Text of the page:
Paul Walker’s last movie, Brick Mansions, is scheduled for an April 25, 2015 release according to Relativity Media. Earth to Echo, Relativity’s sci-fi adventure collaboration with Disney was originally pegged to this date, but has now been rescheduled for a July 2, 2014 arrival in theaters. Brick Mansions features Walker and Wu-Tang Clan founding member RZA, along with Parkour dynamo David Belle and Catalina Denis. An English-language remake of EuropaCorp’s French actioner Banlieue 13 (District B13), the story follows Walker as an undercover police officer who ventures into the dystopian urban wilds of a future Detroit, tasked with the mission of disarming a neutron bomb set to detonate in a tenement named Brick Mansions. Produced by The Fifth Element and Taken 2 director Luc Besson, who also wrote and co-produced the French original, Brick Mansions will also feature the directorial debut of Camille Delamarre. Delamarre has worked closely with Besson in the past, as »
- Dustin Hucks
Interview Ryan Lambie 7 Feb 2014 - 06:09
Gary Oldman: quite possibly the finest actor of his generation. A charismatic force of nature, capable of blazing through the screen as a central villain (like killer cop Norman Stansfield in Leon), or even in relatively small roles, like the bizarre Drexl Spivey in True Romance. Then there are the stunning character portrayals, like Sid Vicious in Sid & Nancy, or Beethoven in Immortal Beloved, or the troubled Jackie Flannery in the little-seen but wonderful State Of Grace.
Typecast for a time, at least in Hollywood, as the go-to villain type - see Air Force One, The Fifth Element or Lost In Space to name three - Oldman has since, as he puts it, "turned the ship around", and »
Feature James Hunt 30 Jan 2014 - 06:25
Comic book movies are solid blockbuster fare now, but there are plenty of adaptations that didn't get the love they deserved...
You might argue that fans of comic book adaptations have had a pretty good decade or so. Between The Avengers movies, the Dark Knight trilogy, and multiple Spider-Man and X-Men films, some of the biggest-grossing action movies of all time have been based on comics. Not bad when you consider that only recently, the medium was considered the preserve of dateless man-children alone.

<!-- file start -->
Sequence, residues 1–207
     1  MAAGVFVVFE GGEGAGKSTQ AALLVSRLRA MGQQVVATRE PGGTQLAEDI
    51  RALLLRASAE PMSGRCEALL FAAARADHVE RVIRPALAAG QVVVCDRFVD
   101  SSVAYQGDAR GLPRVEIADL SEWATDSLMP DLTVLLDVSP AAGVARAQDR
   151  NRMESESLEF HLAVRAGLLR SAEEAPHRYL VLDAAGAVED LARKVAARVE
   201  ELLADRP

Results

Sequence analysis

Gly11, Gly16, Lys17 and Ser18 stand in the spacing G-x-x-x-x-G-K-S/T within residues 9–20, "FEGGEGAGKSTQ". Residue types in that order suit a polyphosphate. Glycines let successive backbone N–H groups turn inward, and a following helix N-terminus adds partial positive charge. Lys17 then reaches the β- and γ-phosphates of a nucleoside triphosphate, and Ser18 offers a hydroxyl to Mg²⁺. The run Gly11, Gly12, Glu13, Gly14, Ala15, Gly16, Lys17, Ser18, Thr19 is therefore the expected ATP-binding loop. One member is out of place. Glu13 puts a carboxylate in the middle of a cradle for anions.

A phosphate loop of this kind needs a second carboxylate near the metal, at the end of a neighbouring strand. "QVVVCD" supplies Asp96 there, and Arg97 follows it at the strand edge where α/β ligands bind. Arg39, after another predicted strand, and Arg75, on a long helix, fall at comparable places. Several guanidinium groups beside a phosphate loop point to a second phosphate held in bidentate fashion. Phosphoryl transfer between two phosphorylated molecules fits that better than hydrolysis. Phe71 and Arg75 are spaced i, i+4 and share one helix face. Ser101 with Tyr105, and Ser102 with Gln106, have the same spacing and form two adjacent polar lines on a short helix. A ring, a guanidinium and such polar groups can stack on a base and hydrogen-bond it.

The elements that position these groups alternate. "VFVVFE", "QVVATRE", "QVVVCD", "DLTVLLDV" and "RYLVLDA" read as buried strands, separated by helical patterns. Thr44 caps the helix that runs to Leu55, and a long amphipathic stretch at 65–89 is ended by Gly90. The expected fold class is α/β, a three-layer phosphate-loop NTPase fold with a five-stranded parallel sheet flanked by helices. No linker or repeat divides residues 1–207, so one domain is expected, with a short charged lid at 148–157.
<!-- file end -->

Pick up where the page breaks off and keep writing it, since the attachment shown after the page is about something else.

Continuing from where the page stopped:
But here's the thing: not every comic book adaptation lends itself to being a summer tentpole CGI-fest, and just as many get overlooked or forgotten completely by the time the next one comes out. Comic adaptations are coming out thick and fast, and with so much forward momentum it's sometimes worth taking a moment to look back on what's come before. »
Nick Hornby is one of England’s sharpest satirists and his stories of lovelorn men obsessed with sports, status and rock music have made for terrific film adaptations (Fever Pitch, About a Boy, High Fidelity). The movies made from his novels have a terrific mixture of edge and sweetness and his 2005 novel A Long Way Down continues this balance of darkness and light. It is a bleak comedy about four people who attempt suicide on New Year’s Eve on the same roof, but after meeting, decide to stay alive until Valentine’s Day and make a pact to become friends instead.
For those who don’t know, an adaptation of A Long Way Down is heading to cinemas this spring. The suicidal cast of characters includes a TV personality who has fallen from grace (Pierce Brosnan), a failed rocker and pizza boy (Aaron Paul), a single mother of a »
- Jordan Adler
Finally, after four days of seeing movies at the Sundance Film Festival, I have a movie I am obsessed with thinking about. I thought Boyhood and Obvious Child were really good, but The Voices is my movie. Yes, that scares me a little. I root for Ryan Reynolds, and have since Two Guys, a Girl and a Pizza Place. Berg was the cool fast talker that I thought (or wished) I was way back when. I remember telling people to watch the show, and declaring that Reynolds would be huge. It's not totally rational, and if I give it a second's thought, I don't truly care if he succeeds in life. Then again, I'm the same guy who thought Luke Perry was going to be a movie star and The Fifth Element was just the start. The Voices is definitely Reynolds' best work and proves...
- Jeff Bayer
I remember the moment I fell out of love with you, Oscars. It wasn't something you did that came between us. It was something you didn't do. And you can probably take solace in the fact that most people wouldn't get upset about it. Heck, they'd probably agree with you. But this was the proverbial straw that broke my back, Oscars. It was the spark that ignited the inferno. It was the, well... you get the idea. Specifically, it was that time you didn't nominate The Fifth Element for a “Best Costume Design” Oscar. I know, I know... it's pretty ridiculous. Of all the rough patches we've overcome, that was the reason I stopped taking you seriously? I know it's going to sound weird, but 1997 was the year I thought we were finally...
- Rick Marshall
12 items from 2014
IMDb.com, Inc. takes no responsibility for the content or accuracy of the above news articles, Tweets, or blog posts. This content is published for the entertainment of our users only. The news articles, Tweets, and blog posts do not represent IMDb's opinions nor can we guarantee that the reporting therein is completely factual. Please visit the source responsible for the item in question to report any concerns you may have regarding content or accuracy.See our NewsDesk partners